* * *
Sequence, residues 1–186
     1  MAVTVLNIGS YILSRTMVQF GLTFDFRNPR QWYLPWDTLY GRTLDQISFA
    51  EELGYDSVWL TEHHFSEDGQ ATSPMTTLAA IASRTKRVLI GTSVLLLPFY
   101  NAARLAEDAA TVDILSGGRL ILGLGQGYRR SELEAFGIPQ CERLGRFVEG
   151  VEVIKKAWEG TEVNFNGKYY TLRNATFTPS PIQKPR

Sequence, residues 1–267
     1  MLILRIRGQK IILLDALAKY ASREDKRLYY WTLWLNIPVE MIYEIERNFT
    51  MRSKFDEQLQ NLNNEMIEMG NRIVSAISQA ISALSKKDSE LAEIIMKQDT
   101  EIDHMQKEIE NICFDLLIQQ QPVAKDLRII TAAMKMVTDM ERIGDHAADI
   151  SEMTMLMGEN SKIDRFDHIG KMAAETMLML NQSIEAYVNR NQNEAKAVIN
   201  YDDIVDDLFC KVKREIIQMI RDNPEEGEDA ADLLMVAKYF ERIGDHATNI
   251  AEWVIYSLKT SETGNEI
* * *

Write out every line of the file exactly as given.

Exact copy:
Sequence, residues 1–186
     1  MAVTVLNIGS YILSRTMVQF GLTFDFRNPR QWYLPWDTLY GRTLDQISFA
    51  EELGYDSVWL TEHHFSEDGQ ATSPMTTLAA IASRTKRVLI GTSVLLLPFY
   101  NAARLAEDAA TVDILSGGRL ILGLGQGYRR SELEAFGIPQ CERLGRFVEG
   151  VEVIKKAWEG TEVNFNGKYY TLRNATFTPS PIQKPR

Sequence, residues 1–267
     1  MLILRIRGQK IILLDALAKY ASREDKRLYY WTLWLNIPVE MIYEIERNFT
    51  MRSKFDEQLQ NLNNEMIEMG NRIVSAISQA ISALSKKDSE LAEIIMKQDT
   101  EIDHMQKEIE NICFDLLIQQ QPVAKDLRII TAAMKMVTDM ERIGDHAADI
   151  SEMTMLMGEN SKIDRFDHIG KMAAETMLML NQSIEAYVNR NQNEAKAVIN
   201  YDDIVDDLFC KVKREIIQMI RDNPEEGEDA ADLLMVAKYF ERIGDHATNI
   251  AEWVIYSLKT SETGNEI